[Observation: It might be prudent in future cases of this type to direct that similar imported goods be properly appraised and valued before deciding on the appropriate fine to impose. It may be potentially risky to calculate the fine by relying solely on the admission of the accused person who, by virtue of his own admission, has already proved himself dishonest at least once: at [24].]

Abdul Aziz bin Ahtam v PP [1996] 3 SLR (R) 799; [1997] 2 SLR 96 (folld)

Ang Poh Chuan v PP [1995] 3 SLR (R) 929; [1996] 1 SLR 326 (folld)

Chen Hock Heng Textile Printing Pte Ltd v PP [1996] 1 SLR (R) 418; [1996] 1 SLR 745 (folld)

Chia Kah Boon v PP [1999] 2 SLR (R) 1163; [1999] 4 SLR 72 (folld)

Moey Keng Kong v PP [2001] 2 SLR (R) 867; [2001] 4 SLR 211 (folld)

Mok Swee Kok v PP [1994] 3 SLR (R) 134; [1994] 3 SLR 140 (folld)

Ng Kim Han v PP [2001] 1 SLR (R) 397; [2001] 2 SLR 293 (folld)

Ngian Chin Boon v PP [1998] 3 SLR (R) 655; [1999] 1 SLR 119 (folld)

PP v Lee Wei Zheng Winston [2002] 2 SLR (R) 800; [2002] 4 SLR 33 (folld)

PP v Koon Seng Construction Pte Ltd [1996] 1 SLR (R) 112; [1996] 1 SLR 573 (folld)

PP v Nyu Tiong Lam [1995] 3 SLR (R) 788; [1996] 1 SLR 273 (folld)

PP v Ramlee [1998] 3 SLR (R) 95; [1998] 3 SLR 539 (folld)

Teo Hee Heng v PP [2000] 2 SLR (R) 351; [2000] 3 SLR 168 (folld)

Criminal Procedure Code (Cap 68, 1985 Rev Ed) s 268 (consd);ss 251, 255, 256, 257

Customs Act (Cap 70, 2004 Rev Ed) s 27 (1) (a) (consd);ss 3 (1), 130 (1) (f)

Goods and Services Tax Act (Cap 117A, 2001 Rev Ed) s 8 (4) (consd);s 18

Supreme Court of Judicature Act (Cap 322, 1999 Rev Ed) s 23

Wan Mew Lin Margaret (Braddell Brothers) for the appellant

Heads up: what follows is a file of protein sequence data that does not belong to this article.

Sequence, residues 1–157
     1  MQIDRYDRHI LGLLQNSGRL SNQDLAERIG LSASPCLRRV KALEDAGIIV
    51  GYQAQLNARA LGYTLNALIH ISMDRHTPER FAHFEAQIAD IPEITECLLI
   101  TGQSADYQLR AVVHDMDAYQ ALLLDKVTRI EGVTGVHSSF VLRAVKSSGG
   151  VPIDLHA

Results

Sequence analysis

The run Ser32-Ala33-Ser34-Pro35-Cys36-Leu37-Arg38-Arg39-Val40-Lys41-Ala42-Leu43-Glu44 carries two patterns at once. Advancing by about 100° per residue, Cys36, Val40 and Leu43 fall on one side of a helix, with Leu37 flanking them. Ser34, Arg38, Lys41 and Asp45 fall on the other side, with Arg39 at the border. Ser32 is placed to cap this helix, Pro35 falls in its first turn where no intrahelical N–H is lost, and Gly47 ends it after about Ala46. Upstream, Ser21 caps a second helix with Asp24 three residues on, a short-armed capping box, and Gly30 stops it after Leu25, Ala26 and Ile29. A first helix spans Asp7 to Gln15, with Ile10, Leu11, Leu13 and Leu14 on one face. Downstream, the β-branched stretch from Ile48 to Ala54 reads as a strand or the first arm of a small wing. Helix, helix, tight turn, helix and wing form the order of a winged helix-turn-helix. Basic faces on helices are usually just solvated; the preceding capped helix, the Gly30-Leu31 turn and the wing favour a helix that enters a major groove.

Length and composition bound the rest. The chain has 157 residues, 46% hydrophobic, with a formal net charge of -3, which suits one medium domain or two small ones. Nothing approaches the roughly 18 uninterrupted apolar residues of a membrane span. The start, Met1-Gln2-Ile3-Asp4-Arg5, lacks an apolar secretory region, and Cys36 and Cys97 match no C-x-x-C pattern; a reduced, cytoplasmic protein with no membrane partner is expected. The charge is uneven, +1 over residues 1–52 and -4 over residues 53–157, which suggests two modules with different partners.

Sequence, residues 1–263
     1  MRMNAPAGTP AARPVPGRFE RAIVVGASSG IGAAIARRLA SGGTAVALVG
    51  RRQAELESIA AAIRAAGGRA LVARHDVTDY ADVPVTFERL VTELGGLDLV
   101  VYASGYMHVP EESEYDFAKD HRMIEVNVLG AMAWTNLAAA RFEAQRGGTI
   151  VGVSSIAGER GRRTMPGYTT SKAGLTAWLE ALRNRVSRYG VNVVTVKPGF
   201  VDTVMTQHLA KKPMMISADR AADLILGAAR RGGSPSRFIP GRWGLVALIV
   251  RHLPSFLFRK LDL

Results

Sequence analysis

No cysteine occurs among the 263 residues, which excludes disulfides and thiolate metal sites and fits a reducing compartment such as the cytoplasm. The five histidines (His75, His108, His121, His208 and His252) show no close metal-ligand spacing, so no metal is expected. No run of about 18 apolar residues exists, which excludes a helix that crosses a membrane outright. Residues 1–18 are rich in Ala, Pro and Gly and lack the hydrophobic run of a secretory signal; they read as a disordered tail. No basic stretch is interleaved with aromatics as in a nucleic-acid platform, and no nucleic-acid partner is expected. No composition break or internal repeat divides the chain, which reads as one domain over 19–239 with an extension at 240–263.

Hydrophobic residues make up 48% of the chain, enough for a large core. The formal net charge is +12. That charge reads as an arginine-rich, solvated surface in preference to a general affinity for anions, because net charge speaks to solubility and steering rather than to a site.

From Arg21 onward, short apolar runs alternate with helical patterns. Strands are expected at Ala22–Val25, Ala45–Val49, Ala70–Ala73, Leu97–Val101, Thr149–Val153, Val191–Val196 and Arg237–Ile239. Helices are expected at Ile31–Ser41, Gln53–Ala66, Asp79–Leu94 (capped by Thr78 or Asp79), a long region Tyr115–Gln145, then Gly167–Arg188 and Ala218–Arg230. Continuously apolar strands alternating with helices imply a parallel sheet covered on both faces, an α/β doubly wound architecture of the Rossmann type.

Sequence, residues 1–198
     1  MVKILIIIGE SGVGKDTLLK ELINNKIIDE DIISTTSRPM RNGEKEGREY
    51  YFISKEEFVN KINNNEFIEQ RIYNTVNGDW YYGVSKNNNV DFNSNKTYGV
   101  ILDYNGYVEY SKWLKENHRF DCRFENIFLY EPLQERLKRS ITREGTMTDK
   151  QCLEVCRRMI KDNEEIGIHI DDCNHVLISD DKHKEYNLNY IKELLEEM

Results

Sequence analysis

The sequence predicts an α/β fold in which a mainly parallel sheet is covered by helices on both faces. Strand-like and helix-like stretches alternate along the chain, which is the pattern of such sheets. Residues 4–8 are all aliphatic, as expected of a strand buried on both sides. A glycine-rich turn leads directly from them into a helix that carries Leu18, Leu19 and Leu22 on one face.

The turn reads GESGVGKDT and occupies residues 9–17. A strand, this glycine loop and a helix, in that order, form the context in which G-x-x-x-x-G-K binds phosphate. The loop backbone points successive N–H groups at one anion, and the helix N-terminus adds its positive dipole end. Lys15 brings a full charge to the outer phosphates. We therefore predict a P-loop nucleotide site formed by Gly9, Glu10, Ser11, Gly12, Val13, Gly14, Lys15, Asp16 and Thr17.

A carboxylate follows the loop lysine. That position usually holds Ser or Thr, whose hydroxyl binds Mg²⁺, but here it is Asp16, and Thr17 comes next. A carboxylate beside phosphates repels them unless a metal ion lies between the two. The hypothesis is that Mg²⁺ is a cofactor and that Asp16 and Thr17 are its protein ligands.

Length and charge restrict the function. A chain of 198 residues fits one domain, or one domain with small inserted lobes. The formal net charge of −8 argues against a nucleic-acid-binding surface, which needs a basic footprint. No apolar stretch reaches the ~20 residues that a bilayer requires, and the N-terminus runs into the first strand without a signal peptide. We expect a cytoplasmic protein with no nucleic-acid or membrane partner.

Janet Wang (Deputy...

To continue reading

Request your trial
11 cases
  • PlanAssure PAC (formerly known as Patrick Lee PAC) v Gaelic Inns Pte Ltd
    • Singapore
    • Court of Appeal (Singapore)
    • 30 August 2007
    ...fogginess as to the accuracy and reliability of the figures adopted in the criminal proceedings. In Mohamed Hiraz Hassim v PP [2005] 1 SLR 622 (“Mohamad Hiraz Hassim”), the court cautioned against the blanket acceptance of an admission by an accused where the value of certain goods was in q......
  • Thong Sing Hock v Public Prosecutor
    • Singapore
    • High Court (Singapore)
    • 2 March 2009 strikes at the very essence of the exercise of judicial power (see Ang Poh Chuan v PP [1996] 1 SLR 326, Mohamed Hiraz Hassim v PP [2005] 1 SLR 622). However, it has to be kept in mind that Parliament has conferred this power on the High Court so as to ensure that no potential cases of se......
  • Megastar Entertainment Pte Ltd and Another v Odex Pte Ltd
    • Singapore
    • High Court (Singapore)
    • 28 April 2005
    ...that strikes at its basis as an exercise of judicial power by the court below”. Similarly, I made it clear in Mohamed Hiraz Hassim v PP [2005] 1 SLR 622 at [11] that “the court’s powers of revision are exercised sparingly, and only if the court is satisfied that some serious injustice has b......
  • Ng Chye Huey and another v Public Prosecutor
    • Singapore
    • Court of Three Judges (Singapore)
    • 24 January 2007
    ...2 MLJ 243 (refd) Microsoft Corp v SM Summit Holdings Ltd [2000] 1 SLR (R) 423; [2000] 2 SLR 137 (folld) Mohamed Hiraz Hassim v PP [2005] 1 SLR (R) 622; [2005] 1 SLR 622 (refd) Mohamed Razip v PP [1987] SLR (R) 525; [1987] SLR 142 (folld) Mohamed Saleem Ismail, Re [1987] SLR (R) 380; [1987] ......
  • Request a trial to view additional results
2 books & journal articles
  • Revenue and Tax Law
    • Singapore
    • Singapore Academy of Law Annual Review No. 2005, December 2005
    • 1 December 2005
    ...and fines amounting to $216,000 in total were imposed. Valuation for goods and services tax purposes 20.58 In Mohamed Hiraz Hassim v PP[2005] 1 SLR 622, the appellant was found guilty of evading GST by bringing 66 lots of gemstones from Bangkok into Singapore for sale to a Singapore client.......
  • Criminal Procedure, Evidence and Sentencing
    • Singapore
    • Singapore Academy of Law Annual Review No. 2005, December 2005
    • 1 December 2005
    ...of the sentences to run consecutively. Goods and services tax offences — pegging fine at median level 11.39 In Mohamed Hiraz Hassim v PP[2005] 1 SLR 622, the appellant under-declared the value of 66 lots of gemstones which he imported into Singapore, by producing an invoice purporting to va......

VLEX uses login cookies to provide you with a better browsing experience. If you click on 'Accept' or continue browsing this site we consider that you accept our cookie policy. ACCEPT